Ish Sodhi developing into key spinner for NZ
There's still more than a little confidence about New Zealand's new spin hope Ish Sodhi.
Not the Neil Wagner barking at the batsmen confidence, or the Tim Southee swagger when he's getting the ball to talk, but a quiet confidence that he's contributing and, more importantly for him, developing.
Sodhi, 21, bowled 28 overs yesterday as the West Indies - more specifically Darren Bravo and his 210 not out - dragged the opening test out to a fifth day. The tourists will resume this morning on 443-6 with a lead of 47.
Sodhi took just one wicket yesterday with a clever googly which sneaked through Denesh Ramdin's bat and pad.
His 2-130 for the innings and 4-193 from the match aren't figures he'll recall as his favourites at the end of his career, but a day in the field bowling to an in-form batsman in trying conditions spins this kid's wheels.
He loves the challenge and loves being part of the test team.
''I wouldn't have minded a few more overs, but it's all good,'' he said assessing his own day.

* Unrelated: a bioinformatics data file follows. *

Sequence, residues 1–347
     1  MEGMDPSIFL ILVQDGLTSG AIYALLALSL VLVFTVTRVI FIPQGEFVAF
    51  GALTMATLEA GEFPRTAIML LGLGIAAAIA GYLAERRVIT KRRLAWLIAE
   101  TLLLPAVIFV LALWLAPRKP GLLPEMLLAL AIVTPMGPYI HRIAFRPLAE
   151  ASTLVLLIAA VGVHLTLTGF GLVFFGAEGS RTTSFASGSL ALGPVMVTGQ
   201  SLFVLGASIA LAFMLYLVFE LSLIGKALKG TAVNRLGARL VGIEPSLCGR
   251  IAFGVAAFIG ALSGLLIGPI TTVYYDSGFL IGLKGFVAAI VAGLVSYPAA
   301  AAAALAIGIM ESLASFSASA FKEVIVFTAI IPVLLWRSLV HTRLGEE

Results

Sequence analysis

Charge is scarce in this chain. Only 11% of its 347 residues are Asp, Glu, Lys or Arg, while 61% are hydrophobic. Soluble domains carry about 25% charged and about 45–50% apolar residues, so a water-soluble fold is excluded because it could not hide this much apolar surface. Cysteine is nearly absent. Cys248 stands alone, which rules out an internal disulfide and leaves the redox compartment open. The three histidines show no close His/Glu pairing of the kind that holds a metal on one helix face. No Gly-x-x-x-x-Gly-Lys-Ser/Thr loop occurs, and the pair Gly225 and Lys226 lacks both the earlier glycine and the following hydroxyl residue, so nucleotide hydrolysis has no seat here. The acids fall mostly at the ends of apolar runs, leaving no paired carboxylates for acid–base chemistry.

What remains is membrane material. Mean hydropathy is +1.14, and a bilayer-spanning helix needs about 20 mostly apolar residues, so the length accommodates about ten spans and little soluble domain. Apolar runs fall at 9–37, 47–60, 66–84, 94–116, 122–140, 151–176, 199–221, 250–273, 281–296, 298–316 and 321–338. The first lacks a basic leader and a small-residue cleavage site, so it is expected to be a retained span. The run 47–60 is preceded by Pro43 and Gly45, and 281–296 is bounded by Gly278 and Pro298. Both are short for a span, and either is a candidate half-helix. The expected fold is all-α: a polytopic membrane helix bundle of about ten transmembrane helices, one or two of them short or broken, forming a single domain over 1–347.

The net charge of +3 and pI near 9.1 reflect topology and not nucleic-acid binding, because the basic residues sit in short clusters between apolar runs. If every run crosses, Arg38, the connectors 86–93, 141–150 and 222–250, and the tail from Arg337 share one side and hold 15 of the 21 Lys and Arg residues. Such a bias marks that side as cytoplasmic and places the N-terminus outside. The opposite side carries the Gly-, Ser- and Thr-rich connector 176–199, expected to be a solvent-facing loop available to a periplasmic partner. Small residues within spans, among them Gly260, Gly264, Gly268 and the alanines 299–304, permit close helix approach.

This is just his third test, but Sodhi is now and for the foreseeable future, the side's senior spinner. He's charged with winning, or at least helping to win, test matches.
But there's no legspinners to look up to or work with. On the recent New Zealand A tour, he roomed with Canterbury's Todd Astle and the pair talked shop. ntsGplentynte
He lists Daniel Vettori as an idol and he's worked with the former New Zealand captain, but his two biggest advisors are former Black Caps who never bowled a ball of legspin in their lives - Shane Bond and Paul Wiseman.
Bond, the New Zealand bowling coach, is learning the spin side of things as he goes, but is a big help, Sodhi said, while Wiseman, an offspinner who played 25 tests and 186 first-class games, is spending more and more time with the country's leading tweakers.
''He's been pretty instrumental for me in the past couple of years and sort of [helps me] devise plans and sort of gauge information on how they're going to play on certain surfaces, paces to bowl at etc, and it's all sort of worked out all right so far.''
It's clear Sodhi takes his craft seriously, that's obvious by the way he tries to set batsmen up and use those plans.
It worked for the wickets of Shane Shillingford in the first innings and Kirk Edwards and Ramdin in the second where he bamboozled them.
''When you plan something and it comes off, it's more satisfying. So I'm pretty happy with how those two [Edwards and Ramdin] went. It would be good to come away with another couple.''
Should Sodhi earn the now crucial wicket of Bravo and help finally end the West Indies second innings, he'll rise further in everyone's estimations and likely join Neil Wagner, Hamish Rutherford and Corey Anderson as first time test winners.